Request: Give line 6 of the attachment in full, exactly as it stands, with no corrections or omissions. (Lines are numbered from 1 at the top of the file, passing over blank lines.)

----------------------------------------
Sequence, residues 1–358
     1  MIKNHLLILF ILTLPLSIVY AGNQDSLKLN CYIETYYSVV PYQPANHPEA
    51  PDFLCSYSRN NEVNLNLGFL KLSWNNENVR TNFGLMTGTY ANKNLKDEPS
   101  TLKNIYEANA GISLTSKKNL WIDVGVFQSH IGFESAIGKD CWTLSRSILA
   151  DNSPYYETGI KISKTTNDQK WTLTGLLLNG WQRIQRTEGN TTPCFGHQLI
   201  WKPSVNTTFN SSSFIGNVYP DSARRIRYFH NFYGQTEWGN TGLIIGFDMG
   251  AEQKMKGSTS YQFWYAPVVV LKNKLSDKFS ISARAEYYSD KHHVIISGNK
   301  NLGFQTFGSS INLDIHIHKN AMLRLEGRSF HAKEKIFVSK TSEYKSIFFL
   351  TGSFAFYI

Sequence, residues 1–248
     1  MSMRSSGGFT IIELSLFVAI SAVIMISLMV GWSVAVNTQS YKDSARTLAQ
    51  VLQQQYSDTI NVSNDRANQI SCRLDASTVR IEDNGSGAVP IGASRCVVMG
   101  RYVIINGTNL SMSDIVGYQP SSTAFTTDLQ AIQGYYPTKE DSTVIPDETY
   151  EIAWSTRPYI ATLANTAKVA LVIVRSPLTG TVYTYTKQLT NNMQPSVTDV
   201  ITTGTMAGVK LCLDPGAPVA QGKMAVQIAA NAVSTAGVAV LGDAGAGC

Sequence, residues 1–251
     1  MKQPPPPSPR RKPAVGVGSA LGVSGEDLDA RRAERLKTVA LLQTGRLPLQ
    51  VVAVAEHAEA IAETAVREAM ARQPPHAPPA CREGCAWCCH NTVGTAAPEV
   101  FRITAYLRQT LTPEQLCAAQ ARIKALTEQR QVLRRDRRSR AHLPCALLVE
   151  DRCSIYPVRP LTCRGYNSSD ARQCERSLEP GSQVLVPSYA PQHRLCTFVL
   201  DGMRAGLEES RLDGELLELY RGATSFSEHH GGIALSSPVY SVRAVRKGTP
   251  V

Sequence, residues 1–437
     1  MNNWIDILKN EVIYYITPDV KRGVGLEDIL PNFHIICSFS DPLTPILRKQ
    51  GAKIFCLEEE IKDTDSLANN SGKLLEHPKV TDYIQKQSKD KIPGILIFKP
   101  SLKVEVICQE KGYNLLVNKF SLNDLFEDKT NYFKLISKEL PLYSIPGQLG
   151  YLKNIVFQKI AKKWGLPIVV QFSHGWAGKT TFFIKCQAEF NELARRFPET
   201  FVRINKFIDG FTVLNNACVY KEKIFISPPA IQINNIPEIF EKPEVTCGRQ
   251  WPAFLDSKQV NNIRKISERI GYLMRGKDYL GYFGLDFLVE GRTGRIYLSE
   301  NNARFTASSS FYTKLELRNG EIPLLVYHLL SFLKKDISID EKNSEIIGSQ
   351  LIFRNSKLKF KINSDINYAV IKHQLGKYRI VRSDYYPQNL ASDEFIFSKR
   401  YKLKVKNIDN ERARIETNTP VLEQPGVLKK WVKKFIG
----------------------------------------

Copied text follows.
   201  WKPSVNTTFN SSSFIGNVYP DSARRIRYFH NFYGQTEWGN TGLIIGFDMG